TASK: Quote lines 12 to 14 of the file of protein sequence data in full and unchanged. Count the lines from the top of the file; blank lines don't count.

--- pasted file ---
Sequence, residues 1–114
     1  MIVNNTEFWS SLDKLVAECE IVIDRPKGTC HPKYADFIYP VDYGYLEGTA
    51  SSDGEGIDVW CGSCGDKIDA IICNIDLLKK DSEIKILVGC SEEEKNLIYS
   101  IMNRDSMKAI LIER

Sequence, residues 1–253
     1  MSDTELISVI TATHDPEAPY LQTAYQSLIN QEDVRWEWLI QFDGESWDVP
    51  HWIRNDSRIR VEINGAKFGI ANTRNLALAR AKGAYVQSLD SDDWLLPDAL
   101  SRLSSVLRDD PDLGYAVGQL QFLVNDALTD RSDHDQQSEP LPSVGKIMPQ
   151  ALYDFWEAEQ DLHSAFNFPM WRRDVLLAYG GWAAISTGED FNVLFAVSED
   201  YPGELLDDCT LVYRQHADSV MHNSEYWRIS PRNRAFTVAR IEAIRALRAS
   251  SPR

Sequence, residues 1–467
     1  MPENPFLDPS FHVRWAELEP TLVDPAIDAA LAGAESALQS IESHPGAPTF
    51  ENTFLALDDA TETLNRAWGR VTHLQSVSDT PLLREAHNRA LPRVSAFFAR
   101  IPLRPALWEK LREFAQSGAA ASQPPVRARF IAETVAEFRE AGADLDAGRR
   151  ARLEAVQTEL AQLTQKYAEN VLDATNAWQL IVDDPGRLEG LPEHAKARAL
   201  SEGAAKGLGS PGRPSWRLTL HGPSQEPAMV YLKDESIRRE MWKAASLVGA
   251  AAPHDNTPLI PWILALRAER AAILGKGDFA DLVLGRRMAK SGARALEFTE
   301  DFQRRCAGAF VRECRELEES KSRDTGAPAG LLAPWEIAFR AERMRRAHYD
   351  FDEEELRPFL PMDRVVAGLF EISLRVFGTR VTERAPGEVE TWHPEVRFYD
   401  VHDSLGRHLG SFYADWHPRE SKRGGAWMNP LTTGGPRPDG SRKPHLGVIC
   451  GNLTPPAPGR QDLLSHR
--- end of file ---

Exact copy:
Sequence, residues 1–467
     1  MPENPFLDPS FHVRWAELEP TLVDPAIDAA LAGAESALQS IESHPGAPTF
    51  ENTFLALDDA TETLNRAWGR VTHLQSVSDT PLLREAHNRA LPRVSAFFAR